Friday, March 22, 2013

South Korean Court Rules Trans People Can Change Gender Markers Without SRS

Some positive news on the international trans human rights front coming out of South Korea.  

On March 15 the Seoul Western District Court ruled in a case brought by five trans masculine individuals that trans individuals could change their legal gender status without undergoing genital surgery

The Seoul Western District Court ruled in favor of accepting the requests from the five trans men to have their family register listing altered to be classified as male. None of the five has undergone operations to surgically alter their genitalia.

The five trans men filed their request in December, arguing that the demand for surgery to conform to the changed gender status constituted the main barrier to approvals and violated the spirit of the legal gender modification system, which is to guarantee the Constitutional rights of transgender people.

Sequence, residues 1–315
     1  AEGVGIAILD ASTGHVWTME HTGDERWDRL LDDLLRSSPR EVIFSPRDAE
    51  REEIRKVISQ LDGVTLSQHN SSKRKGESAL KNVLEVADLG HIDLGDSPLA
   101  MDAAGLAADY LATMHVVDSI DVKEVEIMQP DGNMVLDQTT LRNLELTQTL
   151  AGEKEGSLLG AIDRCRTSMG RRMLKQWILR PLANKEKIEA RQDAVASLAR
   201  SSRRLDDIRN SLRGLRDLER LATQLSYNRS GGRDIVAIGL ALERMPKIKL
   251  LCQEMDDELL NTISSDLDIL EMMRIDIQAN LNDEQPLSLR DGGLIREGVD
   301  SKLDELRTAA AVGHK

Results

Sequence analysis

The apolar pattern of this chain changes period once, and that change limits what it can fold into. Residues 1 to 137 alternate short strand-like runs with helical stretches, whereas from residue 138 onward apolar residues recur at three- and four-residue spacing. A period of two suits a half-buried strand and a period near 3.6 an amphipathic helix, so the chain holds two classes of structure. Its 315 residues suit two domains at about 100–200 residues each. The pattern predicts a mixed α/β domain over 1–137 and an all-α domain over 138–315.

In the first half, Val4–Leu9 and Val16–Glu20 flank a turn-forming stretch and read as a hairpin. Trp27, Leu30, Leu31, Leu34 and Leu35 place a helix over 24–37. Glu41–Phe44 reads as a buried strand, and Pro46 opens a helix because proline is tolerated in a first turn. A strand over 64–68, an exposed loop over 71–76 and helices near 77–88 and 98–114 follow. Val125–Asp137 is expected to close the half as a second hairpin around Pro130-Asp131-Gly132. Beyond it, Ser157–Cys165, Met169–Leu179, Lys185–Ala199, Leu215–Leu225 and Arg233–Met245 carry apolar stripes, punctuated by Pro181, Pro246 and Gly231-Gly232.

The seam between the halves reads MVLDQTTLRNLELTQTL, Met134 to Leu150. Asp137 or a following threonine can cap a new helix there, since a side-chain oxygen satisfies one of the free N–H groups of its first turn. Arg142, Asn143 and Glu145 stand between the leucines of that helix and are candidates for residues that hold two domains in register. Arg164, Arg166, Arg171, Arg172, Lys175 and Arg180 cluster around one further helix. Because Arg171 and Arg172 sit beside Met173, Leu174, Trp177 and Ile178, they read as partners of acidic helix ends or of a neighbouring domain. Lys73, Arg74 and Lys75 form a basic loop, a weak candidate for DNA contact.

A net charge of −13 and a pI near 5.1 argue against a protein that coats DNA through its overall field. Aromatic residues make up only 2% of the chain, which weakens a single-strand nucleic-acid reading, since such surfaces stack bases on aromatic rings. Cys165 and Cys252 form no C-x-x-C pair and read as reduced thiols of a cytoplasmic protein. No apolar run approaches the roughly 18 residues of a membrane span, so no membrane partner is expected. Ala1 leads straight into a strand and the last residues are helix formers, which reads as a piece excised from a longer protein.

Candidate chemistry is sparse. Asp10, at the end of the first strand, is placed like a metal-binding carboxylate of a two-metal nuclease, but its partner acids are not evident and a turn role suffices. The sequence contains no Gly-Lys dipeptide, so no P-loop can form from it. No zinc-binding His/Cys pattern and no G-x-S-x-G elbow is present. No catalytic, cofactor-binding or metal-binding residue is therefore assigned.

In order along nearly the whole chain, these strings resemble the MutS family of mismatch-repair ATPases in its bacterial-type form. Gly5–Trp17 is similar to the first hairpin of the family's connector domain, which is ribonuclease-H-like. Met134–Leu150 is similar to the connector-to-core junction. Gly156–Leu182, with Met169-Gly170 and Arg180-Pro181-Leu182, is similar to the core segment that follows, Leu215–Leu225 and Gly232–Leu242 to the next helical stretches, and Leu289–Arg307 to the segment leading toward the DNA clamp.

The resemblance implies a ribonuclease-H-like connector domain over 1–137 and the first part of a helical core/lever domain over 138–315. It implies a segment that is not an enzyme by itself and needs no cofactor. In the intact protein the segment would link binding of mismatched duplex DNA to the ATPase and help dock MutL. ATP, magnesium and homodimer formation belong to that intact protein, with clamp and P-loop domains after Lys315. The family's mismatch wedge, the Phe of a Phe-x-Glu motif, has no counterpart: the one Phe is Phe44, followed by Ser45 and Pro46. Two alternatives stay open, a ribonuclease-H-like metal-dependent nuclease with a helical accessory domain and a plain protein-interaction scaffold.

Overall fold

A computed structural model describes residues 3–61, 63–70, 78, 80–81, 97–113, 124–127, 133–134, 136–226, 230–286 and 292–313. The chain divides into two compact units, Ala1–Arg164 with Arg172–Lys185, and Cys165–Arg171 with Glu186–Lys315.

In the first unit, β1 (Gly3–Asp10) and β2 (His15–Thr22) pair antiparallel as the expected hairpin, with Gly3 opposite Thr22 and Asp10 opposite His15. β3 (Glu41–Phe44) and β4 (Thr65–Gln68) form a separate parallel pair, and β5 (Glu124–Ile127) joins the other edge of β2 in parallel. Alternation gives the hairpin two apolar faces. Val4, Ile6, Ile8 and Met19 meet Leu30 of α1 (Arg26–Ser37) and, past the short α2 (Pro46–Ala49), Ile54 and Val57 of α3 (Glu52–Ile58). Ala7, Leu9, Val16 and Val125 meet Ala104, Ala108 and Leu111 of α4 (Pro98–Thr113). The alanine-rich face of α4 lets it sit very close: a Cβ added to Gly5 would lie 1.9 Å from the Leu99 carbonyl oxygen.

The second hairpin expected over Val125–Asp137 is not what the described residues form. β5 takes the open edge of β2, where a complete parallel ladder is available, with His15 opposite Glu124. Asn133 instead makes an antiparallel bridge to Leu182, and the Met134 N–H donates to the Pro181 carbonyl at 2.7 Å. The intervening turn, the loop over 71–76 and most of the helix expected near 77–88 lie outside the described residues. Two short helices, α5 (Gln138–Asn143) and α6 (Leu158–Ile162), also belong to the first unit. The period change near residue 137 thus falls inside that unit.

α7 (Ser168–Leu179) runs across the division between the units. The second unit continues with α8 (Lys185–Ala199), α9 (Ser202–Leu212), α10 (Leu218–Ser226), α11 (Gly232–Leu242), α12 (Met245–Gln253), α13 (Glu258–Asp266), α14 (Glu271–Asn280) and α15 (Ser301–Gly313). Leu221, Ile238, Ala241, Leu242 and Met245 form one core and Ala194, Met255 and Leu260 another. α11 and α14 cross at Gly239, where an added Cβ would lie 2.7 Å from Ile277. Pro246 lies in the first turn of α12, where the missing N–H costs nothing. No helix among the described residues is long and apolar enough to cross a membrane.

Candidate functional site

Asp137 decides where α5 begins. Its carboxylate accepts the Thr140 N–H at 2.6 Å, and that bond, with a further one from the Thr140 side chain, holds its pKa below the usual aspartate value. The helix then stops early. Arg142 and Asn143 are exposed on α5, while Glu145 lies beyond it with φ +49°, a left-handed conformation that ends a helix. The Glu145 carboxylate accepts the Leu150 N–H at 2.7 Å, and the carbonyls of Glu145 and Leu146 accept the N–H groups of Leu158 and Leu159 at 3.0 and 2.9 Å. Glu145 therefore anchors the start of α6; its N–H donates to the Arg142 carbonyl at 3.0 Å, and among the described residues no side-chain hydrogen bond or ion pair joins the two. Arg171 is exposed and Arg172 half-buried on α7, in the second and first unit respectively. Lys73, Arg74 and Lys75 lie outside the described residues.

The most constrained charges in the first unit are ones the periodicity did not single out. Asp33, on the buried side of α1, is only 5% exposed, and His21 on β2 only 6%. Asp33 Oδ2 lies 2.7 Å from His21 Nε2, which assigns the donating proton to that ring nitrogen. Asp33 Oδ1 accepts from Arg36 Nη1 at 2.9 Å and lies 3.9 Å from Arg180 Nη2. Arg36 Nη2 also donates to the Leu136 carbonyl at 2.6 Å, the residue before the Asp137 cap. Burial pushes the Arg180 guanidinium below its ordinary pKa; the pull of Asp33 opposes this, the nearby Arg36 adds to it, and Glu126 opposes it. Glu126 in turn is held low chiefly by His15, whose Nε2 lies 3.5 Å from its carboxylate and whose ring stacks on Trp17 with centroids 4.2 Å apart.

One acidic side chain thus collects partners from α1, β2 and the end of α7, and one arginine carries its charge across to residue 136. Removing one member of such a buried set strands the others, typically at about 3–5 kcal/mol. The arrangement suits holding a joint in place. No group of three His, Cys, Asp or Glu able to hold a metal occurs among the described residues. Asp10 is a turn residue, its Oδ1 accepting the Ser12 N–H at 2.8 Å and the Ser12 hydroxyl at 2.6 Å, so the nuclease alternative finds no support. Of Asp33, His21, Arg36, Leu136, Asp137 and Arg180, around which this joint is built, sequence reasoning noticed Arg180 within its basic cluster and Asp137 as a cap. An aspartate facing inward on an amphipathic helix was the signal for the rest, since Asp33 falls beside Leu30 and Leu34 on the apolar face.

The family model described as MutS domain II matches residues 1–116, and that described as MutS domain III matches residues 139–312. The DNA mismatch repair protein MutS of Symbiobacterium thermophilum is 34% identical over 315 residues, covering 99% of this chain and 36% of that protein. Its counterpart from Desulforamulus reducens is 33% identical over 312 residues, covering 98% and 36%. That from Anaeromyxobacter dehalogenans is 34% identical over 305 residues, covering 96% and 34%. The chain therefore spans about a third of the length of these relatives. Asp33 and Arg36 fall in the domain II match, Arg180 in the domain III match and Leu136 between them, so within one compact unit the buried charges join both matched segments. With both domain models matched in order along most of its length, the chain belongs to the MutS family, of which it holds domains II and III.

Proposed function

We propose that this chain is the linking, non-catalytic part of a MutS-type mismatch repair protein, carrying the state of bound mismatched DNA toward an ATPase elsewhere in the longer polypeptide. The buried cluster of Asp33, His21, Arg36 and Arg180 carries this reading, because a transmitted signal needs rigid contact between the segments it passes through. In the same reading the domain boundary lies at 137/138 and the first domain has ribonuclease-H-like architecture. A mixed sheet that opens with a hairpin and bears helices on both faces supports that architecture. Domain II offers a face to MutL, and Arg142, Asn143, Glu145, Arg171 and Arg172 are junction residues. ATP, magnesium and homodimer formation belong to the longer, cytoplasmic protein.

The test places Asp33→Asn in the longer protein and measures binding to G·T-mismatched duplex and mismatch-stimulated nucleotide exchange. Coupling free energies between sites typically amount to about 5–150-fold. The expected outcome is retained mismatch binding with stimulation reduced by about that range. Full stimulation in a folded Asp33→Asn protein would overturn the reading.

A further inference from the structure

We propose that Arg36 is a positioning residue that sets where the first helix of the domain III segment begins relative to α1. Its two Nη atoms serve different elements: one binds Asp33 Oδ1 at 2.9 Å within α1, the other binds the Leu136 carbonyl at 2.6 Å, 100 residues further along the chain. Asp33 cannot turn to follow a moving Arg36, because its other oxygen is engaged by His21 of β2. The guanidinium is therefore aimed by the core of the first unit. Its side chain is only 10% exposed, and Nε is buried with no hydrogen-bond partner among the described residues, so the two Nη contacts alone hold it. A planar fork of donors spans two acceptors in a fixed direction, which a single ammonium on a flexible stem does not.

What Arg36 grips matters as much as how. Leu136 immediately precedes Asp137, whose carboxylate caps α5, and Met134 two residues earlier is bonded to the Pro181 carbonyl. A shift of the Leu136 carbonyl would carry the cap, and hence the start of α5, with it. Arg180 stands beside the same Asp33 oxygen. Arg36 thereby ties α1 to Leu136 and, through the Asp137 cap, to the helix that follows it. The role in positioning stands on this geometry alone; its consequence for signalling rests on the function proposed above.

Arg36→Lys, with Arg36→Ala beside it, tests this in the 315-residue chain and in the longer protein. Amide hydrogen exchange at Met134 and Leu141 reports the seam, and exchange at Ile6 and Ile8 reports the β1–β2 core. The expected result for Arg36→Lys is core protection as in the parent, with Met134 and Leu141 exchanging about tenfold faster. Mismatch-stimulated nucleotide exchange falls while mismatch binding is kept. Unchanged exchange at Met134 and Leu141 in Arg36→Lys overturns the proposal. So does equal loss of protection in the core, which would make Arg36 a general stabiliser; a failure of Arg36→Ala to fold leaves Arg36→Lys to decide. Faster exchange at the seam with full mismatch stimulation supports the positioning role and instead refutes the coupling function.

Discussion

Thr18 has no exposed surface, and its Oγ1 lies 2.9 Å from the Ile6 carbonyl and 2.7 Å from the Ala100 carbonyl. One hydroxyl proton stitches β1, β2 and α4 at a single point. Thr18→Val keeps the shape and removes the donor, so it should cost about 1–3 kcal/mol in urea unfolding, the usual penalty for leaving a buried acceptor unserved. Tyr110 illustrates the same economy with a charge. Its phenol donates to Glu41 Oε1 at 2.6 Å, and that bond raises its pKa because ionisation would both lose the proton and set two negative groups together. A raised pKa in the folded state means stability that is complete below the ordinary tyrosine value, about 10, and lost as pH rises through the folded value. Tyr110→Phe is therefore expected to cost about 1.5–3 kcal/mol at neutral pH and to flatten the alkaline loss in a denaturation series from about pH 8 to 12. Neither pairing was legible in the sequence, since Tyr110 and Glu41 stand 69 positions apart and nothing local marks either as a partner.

Of course the five transmen were thrilled about the landmark ruling.

Despite the South Korean Supreme Court ruling in June 2006 that transpeople in that nation have the right to alter their legal gender status, in the guidelines they subsequently drafted one of the requirements was that individuals have to possess 'external genitalia of the opposite sex from their biological one' in order to do so.

Last January, the World Professional Association for Transgender Health sent an opinion to Seoul Western District Court arguing that genital surgery should not be a requirement because it is not medically necessary and is a difficult procedure with a strong risk of side effects and other negative consequences.

It's another good day for the advancement of trans human rights not only in South Korea, but internationally as well. 

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